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25 May 2019 - 29 May 2019

All My Compatriots - Ester Krumbachová: Unknown Master of the Czechoslovak New Wave

Czech Center New York and Film at Lincoln Center present the work of the Czech costume and set designer, scriptwriter, and director Ester Krumbachová.


Saturday, May 25, 2:30PM (for tickets click here)
Wednesday, May 29, 8:45PM (for tickets click here)
Francesca Beale Theater at Lincoln Center

SPECIAL OFFER: Enjoy $3 off tickets to Film at Lincoln Center's Ester Krumbachova retrospective—tickets just $12. To redeem: Select the desired showtime at filmlinc.org/krumbachova and enter promo code “Czech2019" in the upper right box.

Costume design by Ester Krumbachová
Director: Vojtěch Jasný, 1968, 115 min, Czechoslovakia

All My Compatriots is considered to be one of the greatest of all Czechoslovak films. However, soon after its July 1969 premiere, the film, from writer-director Vojtěch Jasný, found itself on the list of banned works. In 1970, Jasný emigrated and continued his filmmaking career in Germany. But Vojtěch Jasný ultimately returned to Czech film via Which Side Eden (1999), which serves as a loose sequel to All My Compatriots. These two movies are viewed as the highpoints of Jasný’s directorial career. Jasný’s 1968 effort won him a Best Director award at that year’s Cannes Film Festival. All My Compatriots was also awarded the Technical Grand Prize – Special Mention at this same festival in recognition of the excellent colour cinematography of Jaroslav Kučera. Indeed, the camera essentially serves as an additional character in this film, which tells the story of several neighbours in a small Moravian village, whose sense of joyful solidarity is strongly disrupted by the advance of 1950s collectivisation policies. This poetic chronicle in which director Jasný drew inspiration from his native town of Kelč, also boasts tremendous costume design from Ester Krumbachová. Innovative experimentation with colours, contrasts and natural light infuses All My Compatriots with an unforgettable atmosphere: it is an archetypically “pleasant” film, whose visual beauty contrasts strongly with (and perhaps even masks) the painful events depicted in the story. Jasný’s film is filled with a poetic spirit, occasionally elevated to truly surrealistic moments, which are in perfect harmony with the film’s themes of love and death – and which touch most of the main characters of the film. While love pangs draw local postman and an attractive widow into an outwardly carefree existence, the efforts of the kleptomaniac neighbour Pyřk (Vladimír Menšík) to outsmart fate lead to his tragic death. And the free-living peasant Zášinek (Waldemar Matuška) is impaled by a bull after being riddled with guilt for causing the death of his Jewish wife during World War II. Farmer František (Radoslav Brzobohatý) draws attention to himself; tight-lipped, honest and stubborn, he represents an almost self-destructive love for his native soil. And it he is who becomes the embodiment of a moral imperative – which inevitably leads to his falling victim to the new communist regime, violently forcing these villagers to become dislocated from their land. Jasný’s evocation of a natural harmony between the land and those who till it ends up serving as a kind of alternative patriotic mythology with true pathos. (National Film Archive)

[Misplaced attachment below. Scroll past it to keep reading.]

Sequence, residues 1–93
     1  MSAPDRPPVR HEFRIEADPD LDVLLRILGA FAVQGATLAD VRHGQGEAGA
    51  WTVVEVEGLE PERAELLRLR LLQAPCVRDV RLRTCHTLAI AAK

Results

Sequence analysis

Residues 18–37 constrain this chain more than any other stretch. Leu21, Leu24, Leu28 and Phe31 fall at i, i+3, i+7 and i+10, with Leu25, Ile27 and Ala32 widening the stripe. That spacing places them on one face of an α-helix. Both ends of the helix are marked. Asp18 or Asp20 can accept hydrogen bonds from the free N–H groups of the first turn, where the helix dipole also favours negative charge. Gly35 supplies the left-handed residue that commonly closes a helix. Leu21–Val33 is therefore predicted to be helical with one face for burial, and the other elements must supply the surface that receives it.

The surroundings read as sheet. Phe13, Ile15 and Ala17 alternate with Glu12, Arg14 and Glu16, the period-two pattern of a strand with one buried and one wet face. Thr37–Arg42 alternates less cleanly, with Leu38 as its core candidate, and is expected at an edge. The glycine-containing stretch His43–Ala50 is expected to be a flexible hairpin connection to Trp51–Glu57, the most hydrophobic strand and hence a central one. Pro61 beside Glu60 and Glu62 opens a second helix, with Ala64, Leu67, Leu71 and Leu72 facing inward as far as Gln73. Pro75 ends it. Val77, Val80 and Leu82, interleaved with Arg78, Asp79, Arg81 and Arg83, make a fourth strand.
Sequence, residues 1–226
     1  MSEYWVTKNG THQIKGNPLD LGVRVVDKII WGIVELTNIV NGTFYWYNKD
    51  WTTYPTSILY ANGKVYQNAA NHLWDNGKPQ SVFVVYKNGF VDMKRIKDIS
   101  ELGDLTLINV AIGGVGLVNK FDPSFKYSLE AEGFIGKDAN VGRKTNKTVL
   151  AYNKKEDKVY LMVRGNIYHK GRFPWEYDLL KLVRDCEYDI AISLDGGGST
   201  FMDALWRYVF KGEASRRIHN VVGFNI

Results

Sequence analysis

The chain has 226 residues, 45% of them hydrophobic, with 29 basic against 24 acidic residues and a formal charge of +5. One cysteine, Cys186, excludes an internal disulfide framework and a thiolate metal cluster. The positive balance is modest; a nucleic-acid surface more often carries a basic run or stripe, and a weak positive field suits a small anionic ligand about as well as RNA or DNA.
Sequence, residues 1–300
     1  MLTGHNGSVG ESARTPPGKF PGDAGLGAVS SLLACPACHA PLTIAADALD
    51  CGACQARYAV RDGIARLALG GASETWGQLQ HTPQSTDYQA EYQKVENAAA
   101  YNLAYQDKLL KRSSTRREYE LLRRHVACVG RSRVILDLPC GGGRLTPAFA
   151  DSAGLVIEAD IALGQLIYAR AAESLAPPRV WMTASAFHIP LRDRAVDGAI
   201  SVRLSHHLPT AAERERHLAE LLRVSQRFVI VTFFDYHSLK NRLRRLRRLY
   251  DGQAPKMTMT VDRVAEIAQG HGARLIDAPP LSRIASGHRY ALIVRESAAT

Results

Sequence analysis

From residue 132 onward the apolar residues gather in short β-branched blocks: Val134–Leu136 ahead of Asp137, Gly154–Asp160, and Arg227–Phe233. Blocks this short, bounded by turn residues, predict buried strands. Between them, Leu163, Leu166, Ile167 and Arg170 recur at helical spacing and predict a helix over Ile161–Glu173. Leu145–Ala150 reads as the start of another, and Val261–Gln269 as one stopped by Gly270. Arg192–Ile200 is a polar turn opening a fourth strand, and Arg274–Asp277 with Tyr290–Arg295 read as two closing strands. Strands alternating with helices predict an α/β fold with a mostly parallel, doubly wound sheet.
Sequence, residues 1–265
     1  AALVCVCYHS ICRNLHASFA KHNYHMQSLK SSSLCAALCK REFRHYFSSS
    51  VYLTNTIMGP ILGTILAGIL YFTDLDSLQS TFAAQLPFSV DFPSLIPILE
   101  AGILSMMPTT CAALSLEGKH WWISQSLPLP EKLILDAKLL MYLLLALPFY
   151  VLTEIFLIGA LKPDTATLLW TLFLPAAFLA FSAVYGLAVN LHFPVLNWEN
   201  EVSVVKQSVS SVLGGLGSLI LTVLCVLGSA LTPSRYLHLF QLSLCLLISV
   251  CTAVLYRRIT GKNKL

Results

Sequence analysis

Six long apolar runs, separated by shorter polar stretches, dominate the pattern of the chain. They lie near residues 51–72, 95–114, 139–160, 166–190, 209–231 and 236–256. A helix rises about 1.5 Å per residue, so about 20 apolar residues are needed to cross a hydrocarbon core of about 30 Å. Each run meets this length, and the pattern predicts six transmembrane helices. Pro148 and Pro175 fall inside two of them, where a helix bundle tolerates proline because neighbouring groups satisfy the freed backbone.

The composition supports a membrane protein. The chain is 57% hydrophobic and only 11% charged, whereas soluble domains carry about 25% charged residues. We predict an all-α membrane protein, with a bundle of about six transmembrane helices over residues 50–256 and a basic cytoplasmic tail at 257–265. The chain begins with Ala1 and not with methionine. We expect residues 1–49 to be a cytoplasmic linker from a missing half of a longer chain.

Though Ester Krumbachová was considered by director Věra Chytilová to be the boldest personality of the Czechoslovak New Wave, her contributions to the movement have been largely overlooked. A costume and set designer, scriptwriter, and director, the multi-hyphenate artist shared her puckishly surreal and trenchant, radical vision with such trailblazing directors as Chytilová (Daisies), Karel Kachyňa (The Ear), Jaromil Jireš (Valerie and Her Week of Wonders), and Jan Němec (Diamonds of the Night). But shortly after making her directorial debut with the hilarious yet criminally underseen fantasy The Murder of Mr. Devil, she was blacklisted by the Czechoslovak Communist government. This May, the Czech Center New York looks back on Krumbachová’s singular imprint on the Czechoslovak New Wave, and reexamines some of the movements’ most beloved, important works in a new light. Presented in collaboration with the Film at Lincoln Center.


The Murder of Mr. Devil


The Ear

Fruit of Paradise

Diamonds of the Night

Valerie and Her Week of Wonders

The Fifth Horseman Is Fear

Coach to Vienna

Long Live the Republic!



Francesca Beale Theater, Lincoln Center


From: 25 May 2019
To: 29 May 2019


Czech Center is a coorganizer of the event

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